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Look, but don’t touch, in Kirby’s claymation Rainbow Curse

Like most Kirby games, Kirby and the Rainbow Curse is self-consciously modeled as an object of beauty. As one of the most purely abstract major videogame protagonists, Kirby is almost infinitely malleable. In his first games, this shape-shifting was reflected in Kirby’s interaction with the dangers of his world. Unlike Mario, who jumped on hostile creatures, Kirby inhaled his enemies, absorbing their powers and weapons.

In subsequent iterations, Kirby has stretched to take on not just the qualities of other character sprites, but of different art and crafting materials, such as brushstrokes and paint in Kirby: Canvas Curse and felt and knitting yarn in Kirby’s Epic Yarn. Kirby and the Rainbow Curse adds modeling clay to Kirby’s repertoire, and when the game gives close attention to Kirby and the objects around him it’s hard not to get caught up in the magnificence of the digital craftsmanship. Up close, in pre-rendered video, Kirby’s digital clay is almost tangible, right down to the waves of constantly shifting finger impressions that mark each of the thousands of tiny adjustments animators have to make to create the illusion of stop-motion life.

Kirby’s digital clay is almost tangible. 

It’s almost a shame when the camera pulls back to give the player control. Except for the occasional visual flourish—such as the way Kirby flattens in high speed collisions and has to take a moment to unstick himself—Kirby’s clay form becomes almost a side note, an irrelevancy in a hardened, terra cotta world.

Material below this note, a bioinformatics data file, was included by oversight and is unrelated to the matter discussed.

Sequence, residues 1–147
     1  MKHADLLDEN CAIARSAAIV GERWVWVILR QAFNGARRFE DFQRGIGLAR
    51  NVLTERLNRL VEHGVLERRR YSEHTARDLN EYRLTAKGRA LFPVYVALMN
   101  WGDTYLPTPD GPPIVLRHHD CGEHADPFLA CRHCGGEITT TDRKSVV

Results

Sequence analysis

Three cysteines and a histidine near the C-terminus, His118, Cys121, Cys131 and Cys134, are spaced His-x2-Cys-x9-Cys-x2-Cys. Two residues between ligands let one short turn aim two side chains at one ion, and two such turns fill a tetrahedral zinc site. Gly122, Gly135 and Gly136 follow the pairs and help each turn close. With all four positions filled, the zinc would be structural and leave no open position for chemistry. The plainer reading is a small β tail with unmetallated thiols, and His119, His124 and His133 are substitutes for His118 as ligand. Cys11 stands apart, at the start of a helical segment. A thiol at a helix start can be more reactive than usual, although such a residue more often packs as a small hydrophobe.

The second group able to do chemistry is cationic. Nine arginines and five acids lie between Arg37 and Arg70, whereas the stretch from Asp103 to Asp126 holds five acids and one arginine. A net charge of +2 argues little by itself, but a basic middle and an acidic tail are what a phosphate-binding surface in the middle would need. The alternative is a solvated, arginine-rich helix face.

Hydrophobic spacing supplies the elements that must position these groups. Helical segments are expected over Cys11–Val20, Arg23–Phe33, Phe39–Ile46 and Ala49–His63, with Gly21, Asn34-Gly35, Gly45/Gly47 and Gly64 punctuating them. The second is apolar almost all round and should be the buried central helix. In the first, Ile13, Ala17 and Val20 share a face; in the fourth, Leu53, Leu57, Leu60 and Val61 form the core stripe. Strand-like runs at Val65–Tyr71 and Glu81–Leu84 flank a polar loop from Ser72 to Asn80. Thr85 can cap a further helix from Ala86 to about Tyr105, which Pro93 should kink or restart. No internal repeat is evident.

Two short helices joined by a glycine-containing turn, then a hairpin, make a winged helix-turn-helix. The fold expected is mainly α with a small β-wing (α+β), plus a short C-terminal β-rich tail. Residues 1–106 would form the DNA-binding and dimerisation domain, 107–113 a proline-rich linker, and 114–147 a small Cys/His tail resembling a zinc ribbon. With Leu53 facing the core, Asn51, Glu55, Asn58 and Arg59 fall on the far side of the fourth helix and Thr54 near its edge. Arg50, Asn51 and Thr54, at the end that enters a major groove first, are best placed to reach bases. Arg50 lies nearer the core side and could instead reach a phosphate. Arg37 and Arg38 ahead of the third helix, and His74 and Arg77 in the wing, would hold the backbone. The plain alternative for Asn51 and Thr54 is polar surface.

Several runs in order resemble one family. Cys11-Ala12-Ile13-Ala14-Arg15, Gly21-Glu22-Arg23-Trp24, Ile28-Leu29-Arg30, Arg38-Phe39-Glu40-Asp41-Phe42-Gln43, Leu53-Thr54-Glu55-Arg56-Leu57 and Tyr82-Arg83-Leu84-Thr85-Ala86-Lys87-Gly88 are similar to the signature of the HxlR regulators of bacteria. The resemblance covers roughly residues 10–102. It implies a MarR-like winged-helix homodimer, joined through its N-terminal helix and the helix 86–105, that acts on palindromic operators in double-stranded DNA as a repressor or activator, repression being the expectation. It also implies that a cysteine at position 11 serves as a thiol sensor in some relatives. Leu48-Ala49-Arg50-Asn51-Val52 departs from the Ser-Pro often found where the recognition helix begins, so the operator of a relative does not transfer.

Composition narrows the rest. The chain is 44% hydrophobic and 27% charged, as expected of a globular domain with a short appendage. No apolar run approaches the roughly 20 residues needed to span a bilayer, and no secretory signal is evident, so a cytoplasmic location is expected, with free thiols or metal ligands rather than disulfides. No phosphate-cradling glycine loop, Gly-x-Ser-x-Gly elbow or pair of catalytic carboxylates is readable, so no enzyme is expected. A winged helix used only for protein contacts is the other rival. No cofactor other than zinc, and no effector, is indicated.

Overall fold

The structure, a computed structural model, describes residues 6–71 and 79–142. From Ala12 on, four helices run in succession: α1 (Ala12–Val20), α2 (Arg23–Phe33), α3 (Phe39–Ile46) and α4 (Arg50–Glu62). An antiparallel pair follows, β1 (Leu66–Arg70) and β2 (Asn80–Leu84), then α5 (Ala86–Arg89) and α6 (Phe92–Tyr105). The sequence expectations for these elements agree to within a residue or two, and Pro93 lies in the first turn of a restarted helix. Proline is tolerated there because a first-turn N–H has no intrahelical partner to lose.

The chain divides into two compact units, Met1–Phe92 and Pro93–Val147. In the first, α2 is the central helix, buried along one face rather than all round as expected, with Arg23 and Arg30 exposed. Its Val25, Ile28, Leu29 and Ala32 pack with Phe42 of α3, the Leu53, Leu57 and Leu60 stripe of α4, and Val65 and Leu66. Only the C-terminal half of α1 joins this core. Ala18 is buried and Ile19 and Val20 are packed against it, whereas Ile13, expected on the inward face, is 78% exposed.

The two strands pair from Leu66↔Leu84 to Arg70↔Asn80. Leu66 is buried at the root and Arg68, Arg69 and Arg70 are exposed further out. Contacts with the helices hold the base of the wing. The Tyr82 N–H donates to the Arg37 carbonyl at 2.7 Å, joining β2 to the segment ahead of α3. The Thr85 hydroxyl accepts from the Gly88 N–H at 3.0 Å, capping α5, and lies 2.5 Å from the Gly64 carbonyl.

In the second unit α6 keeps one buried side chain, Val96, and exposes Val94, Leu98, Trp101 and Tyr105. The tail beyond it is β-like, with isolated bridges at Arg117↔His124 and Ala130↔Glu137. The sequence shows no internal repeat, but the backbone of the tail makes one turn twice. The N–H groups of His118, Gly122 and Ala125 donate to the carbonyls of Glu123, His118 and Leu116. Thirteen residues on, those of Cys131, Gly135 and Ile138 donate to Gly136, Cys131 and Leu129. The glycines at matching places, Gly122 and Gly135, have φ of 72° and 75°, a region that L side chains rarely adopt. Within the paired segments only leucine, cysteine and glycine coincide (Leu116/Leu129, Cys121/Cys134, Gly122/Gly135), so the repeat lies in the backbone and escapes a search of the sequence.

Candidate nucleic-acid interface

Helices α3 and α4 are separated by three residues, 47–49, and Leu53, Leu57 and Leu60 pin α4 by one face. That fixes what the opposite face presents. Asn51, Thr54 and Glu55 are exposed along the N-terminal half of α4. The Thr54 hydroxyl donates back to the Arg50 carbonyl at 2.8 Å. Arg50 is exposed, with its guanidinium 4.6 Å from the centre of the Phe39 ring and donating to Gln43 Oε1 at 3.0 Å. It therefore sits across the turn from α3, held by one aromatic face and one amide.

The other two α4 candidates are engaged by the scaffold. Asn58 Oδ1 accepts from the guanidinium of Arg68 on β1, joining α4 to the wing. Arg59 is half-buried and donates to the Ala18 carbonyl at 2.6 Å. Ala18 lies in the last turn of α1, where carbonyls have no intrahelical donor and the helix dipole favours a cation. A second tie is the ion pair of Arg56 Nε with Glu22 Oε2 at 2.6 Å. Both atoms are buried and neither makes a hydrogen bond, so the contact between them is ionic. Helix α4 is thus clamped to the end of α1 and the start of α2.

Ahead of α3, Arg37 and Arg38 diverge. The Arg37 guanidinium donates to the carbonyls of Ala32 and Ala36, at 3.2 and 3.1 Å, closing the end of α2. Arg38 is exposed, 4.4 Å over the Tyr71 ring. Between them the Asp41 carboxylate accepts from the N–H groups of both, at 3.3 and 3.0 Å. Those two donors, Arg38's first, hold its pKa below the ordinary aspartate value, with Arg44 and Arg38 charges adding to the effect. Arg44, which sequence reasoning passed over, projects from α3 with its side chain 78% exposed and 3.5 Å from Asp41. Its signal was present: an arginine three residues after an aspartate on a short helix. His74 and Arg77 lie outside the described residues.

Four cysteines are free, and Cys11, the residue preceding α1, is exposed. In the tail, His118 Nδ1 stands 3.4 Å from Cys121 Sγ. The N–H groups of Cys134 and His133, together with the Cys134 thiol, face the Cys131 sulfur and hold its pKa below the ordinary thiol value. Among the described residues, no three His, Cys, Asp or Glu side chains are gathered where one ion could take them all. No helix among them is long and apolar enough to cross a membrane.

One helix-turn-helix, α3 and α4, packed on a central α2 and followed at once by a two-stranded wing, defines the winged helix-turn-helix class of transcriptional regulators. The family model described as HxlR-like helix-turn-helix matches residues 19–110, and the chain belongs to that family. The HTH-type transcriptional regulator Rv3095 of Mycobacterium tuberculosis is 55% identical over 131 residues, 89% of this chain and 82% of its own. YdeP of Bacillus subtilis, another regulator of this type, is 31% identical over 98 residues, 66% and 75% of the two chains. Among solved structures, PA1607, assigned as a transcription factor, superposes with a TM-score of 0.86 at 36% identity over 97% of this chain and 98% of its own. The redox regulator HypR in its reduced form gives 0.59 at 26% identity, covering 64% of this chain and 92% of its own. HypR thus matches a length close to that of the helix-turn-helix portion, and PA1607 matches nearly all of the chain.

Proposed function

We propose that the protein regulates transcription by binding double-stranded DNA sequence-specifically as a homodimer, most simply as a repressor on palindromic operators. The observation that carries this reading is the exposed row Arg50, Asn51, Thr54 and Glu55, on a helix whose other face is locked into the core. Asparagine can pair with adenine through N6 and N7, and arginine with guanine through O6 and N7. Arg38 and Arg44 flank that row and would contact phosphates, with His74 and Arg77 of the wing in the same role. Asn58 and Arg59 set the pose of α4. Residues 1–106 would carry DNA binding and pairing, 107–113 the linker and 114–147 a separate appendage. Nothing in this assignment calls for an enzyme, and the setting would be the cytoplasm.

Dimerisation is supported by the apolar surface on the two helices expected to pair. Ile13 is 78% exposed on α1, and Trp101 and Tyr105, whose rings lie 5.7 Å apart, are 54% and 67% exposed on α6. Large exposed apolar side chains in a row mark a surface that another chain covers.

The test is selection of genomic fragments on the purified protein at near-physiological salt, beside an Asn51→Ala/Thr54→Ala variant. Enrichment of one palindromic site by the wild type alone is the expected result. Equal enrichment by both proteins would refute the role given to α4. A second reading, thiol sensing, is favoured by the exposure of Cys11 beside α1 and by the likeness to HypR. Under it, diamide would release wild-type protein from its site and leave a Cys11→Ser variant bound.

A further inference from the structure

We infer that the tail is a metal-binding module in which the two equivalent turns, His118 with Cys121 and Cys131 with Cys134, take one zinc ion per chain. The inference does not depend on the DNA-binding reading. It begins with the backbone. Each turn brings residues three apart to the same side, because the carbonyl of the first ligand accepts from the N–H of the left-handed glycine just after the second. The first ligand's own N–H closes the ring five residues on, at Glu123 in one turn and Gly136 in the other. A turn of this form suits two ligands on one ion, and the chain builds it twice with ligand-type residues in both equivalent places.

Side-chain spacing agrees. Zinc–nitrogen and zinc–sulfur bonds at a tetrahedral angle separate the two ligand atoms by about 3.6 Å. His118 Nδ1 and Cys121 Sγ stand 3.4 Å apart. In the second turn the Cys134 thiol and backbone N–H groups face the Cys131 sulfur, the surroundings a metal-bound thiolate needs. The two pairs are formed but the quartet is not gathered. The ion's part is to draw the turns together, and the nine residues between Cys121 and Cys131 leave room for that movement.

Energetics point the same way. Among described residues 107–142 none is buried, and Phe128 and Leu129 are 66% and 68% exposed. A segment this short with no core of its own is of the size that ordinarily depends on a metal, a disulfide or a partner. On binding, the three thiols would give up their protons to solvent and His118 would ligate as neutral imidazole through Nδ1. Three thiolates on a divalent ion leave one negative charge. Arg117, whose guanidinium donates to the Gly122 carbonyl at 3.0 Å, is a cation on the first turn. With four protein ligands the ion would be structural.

In part, this can be traced to the lack of necessary connection between the game’s conceit of a clay Kirby in a clay world and the toolset the game gives Kirby to work with. Rather than controlling Kirby directly, the player in effect plays the role of Elline, a magical paintbrush who paints pathways in order to guide Kirby’s movement and otherwise interact with the environment. Together, Elline and Kirby are looking to restore the color that has been stolen from Kirby’s immobilized black-and-white world, itself largely relegated to the background.

This conflation of color and vibrancy requires only the slightest leaps of fairy-tale logic, and it is perhaps ungenerous to wish that Kirby and the Rainbow Curse had come down a bit more on the material side of its imaginative equation. Or, barring that, had made the restoration of color more of a functional operation in the play experience. If it doesn’t particularly matter for much of the game that Kirby is supposed to be made of clay, neither is it particularly apparent that a malevolent force is actively engaged in the theft of color and life. There are black-and-white patches which serve as minor obstacles (the player can’t directly paint in these areas, and has to use momentum to move Kirby through), and if the player explores enough, she will eventually reach impenetrable monochromatic borders. These areas, however, are exceptions. The world Kirby explores is solid, shining color, shaped rather than shapeable.

The aesthetic itself isn’t a point of interaction. The player doesn’t sculpt Kirby, or add color back to the world through their actions. It feels uncharitable to call this a missed opportunity except for memory of the zippers and seams of Kirby’s Epic Yarn, in which the player could find pockets in the world, flaps and folds, and open them up or stitch them back together. Which is not to say that Kirby and the Rainbow Curse doesn’t have just as many hidden corners, or that there isn’t just as much challenge and reward in discovering them. The best levels are still the ones where Kirby becomes something else entirely, painted by Elline into a tank or a submarine. Transformed, just not, somehow, tactile.

Kirby and the Rainbow Curse is still a thing of beauty, lovely to look at and challenging (but not punitive) in play. In places, you can even see the sculptor’s fingerprints, but you can’t leave any of your own.